- July 15, 2020
While the Medicare Part B Deductible is only $198 annually, it is not the only cost to consider when it comes to Medicare Part B coverage. First, a quick review of what Medicare Part B covers.
Medicare Part B Coverage
Medicare Part B covers the doctor part of benefits, whereas Part A covers the hospital parts. Medicare Part B coverage includes :
- Medically necessary services
- Preventative services
- Clinical research
- Ambulance services
- Durable medical equipment (DME)
- Mental health
- Partial hospitalization
- Limited outpatient prescription drugs
Differences between deductibles, premiums, and co-insurance:
Part B Premium Cost
The overwhelming majority of Americans pay an annual premium of $144.60 for Medicare Part B Coverage. This means that whether or not you use your coverage or not, you will be automatically billed a premium, much like a subscription cost.
Part B Deductible
The Part B premium is $198 for 2020. Different than a premium, a deductible is not automatically billed. The Medicare Part B deductible would only be paid when you need to use benefits from Part B. So, for instance if you haven’t needed to use any coverage under Part B until 9 months after you pay your annual premium, then you would only pay your deductible at the time coverage is needed. Once your deductible is met, any other Part B Medicare expenses will be covered without any further deductible expense.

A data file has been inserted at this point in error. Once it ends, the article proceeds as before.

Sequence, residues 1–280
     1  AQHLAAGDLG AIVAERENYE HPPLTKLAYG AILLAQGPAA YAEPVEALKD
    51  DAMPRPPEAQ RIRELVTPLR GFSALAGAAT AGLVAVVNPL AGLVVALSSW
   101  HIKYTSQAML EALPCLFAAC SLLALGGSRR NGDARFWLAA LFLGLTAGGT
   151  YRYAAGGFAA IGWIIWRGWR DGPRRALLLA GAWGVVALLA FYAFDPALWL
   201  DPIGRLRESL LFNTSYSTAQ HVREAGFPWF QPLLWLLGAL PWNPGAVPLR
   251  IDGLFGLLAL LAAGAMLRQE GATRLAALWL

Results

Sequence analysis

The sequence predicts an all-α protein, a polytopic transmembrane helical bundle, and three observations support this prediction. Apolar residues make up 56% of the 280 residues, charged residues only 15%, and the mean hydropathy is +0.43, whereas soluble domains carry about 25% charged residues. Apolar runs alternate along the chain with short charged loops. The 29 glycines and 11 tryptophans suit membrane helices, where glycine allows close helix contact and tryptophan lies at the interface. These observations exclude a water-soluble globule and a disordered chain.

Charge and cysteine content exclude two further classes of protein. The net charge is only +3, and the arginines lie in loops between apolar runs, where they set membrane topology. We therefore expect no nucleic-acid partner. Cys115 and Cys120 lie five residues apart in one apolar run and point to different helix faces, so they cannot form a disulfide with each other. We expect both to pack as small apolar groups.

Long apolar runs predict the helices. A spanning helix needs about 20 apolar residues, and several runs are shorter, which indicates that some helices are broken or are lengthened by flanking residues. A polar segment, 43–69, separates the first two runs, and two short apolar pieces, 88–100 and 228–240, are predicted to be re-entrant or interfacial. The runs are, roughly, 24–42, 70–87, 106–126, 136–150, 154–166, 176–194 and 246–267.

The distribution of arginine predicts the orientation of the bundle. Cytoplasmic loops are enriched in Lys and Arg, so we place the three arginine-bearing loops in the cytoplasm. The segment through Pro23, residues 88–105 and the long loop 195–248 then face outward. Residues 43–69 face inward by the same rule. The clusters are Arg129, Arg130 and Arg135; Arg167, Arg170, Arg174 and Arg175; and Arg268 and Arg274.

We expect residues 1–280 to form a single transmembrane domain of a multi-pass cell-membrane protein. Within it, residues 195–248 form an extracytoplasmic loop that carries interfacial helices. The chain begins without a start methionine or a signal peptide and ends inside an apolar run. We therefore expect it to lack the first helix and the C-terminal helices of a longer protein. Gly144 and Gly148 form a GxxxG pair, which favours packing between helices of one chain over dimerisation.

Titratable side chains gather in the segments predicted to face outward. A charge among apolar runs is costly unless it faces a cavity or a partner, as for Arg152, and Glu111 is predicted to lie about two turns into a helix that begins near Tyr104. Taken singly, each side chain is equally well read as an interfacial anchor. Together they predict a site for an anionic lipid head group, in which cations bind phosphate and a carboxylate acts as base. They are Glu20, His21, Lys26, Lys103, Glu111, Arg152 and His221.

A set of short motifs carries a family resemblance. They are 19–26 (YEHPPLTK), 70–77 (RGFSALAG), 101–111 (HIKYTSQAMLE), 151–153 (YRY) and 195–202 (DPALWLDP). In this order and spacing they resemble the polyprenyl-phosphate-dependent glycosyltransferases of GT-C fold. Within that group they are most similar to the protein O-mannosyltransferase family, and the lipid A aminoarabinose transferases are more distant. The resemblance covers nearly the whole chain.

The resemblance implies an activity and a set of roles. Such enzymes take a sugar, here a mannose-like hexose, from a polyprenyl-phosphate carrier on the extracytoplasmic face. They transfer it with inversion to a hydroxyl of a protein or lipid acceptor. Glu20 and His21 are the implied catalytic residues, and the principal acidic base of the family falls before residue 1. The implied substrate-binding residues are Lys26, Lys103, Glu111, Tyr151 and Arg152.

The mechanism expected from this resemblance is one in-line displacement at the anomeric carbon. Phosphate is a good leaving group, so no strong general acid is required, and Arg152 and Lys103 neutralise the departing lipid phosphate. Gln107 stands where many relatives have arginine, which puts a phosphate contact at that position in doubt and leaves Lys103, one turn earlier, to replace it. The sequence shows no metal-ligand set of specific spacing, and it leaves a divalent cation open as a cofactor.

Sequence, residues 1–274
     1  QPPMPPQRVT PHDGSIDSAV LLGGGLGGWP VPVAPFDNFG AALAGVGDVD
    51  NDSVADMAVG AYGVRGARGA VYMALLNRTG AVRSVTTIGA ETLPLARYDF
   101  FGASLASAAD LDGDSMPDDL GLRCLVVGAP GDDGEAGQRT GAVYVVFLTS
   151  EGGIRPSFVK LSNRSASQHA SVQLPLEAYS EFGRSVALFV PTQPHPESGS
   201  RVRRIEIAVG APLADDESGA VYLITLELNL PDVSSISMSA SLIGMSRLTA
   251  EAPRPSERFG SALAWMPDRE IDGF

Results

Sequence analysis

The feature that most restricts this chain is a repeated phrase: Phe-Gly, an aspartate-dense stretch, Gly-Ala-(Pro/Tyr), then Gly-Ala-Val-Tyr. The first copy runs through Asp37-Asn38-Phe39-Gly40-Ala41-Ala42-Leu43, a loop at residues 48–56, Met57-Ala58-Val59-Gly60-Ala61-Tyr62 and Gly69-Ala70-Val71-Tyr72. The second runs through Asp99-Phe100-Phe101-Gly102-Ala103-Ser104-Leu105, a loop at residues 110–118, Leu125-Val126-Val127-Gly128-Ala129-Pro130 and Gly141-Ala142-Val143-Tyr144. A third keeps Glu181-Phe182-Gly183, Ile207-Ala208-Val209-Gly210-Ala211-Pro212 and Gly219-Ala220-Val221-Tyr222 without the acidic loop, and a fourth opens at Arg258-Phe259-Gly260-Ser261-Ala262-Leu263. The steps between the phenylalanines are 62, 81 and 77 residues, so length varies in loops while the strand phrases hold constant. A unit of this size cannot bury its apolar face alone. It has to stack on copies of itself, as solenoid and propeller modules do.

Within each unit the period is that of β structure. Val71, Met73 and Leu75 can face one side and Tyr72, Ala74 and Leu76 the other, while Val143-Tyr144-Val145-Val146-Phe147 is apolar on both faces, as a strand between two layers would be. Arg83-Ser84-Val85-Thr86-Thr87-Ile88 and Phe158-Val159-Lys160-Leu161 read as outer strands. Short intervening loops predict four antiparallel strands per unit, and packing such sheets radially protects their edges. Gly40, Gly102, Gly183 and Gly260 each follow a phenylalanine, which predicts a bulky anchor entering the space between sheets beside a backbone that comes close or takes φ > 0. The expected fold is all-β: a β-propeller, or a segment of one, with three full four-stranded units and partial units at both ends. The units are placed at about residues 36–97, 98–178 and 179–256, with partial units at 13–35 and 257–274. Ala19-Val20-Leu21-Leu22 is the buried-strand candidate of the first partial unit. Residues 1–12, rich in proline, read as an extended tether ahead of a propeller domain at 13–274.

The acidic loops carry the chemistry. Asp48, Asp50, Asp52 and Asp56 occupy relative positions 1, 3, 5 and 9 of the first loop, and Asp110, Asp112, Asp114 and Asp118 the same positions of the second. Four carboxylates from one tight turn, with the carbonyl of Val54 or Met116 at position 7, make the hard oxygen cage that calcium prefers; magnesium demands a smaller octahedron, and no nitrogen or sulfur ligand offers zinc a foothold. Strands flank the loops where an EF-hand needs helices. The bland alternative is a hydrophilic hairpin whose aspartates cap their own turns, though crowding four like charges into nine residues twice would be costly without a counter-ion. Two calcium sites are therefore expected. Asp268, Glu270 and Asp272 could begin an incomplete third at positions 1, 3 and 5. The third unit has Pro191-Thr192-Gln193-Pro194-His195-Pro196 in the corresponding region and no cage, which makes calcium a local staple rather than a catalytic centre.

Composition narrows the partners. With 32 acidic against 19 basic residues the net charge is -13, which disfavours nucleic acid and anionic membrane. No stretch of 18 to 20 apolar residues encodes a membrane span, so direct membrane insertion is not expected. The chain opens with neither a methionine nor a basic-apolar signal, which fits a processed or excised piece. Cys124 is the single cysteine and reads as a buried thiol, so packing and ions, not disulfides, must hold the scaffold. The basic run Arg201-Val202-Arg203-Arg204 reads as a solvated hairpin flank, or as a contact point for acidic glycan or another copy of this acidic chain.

Part B Co-insurance
Different than Part A, Part B has a 20% co-insurance. This means that Medicare will pay 80% of any benefits eligible under Part B. The Medicare beneficiary is responsible for the other 20%.
For some routine procedures, this may not be a heavy financial burden. However, the 20% co-insurance impact of a surgical procedures like a knee replacement can quickly trigger financial hardship, raising the importance of personal risk awareness.
The standard price for a knee replacement surgery in the U.S. is $57,000. This is no longer considered an inpatient procedure which would be 100% covered under Part A. Instead, this would be covered under Part B and bring a 20% co-insurance cost to a Medicare beneficiary of $11,400.
So, under Medicare Part B, associated costs of coverage include the Medicare Part B deductible, premium, and co-insurance.
How to Afford the Gaps of Medicare Part B
In 2016, Kaiser Family Foundation reported that 8 out of 10 Medicare beneficiaries carried additional insurance to mitigate the financial risks that come with “original Medicare”.
Additional insurance coverage occurs either with a Medicare Supplement plan (also known as MediGap) or a Medicare Advantage plan. Since each Medicare beneficiary has unique and different needs, we do a professional review of each person’s situation individually: medical needs, location, doctor network, budget and lifestyle, just to name a few.
We help Medicare beneficiaries all over southern California evaluate coverage options that are just right for their specific needs.
If you would like a free consultation on how we might be able to help you, give us a call at (714) 834-1322 or tell us more about your situation using our online form.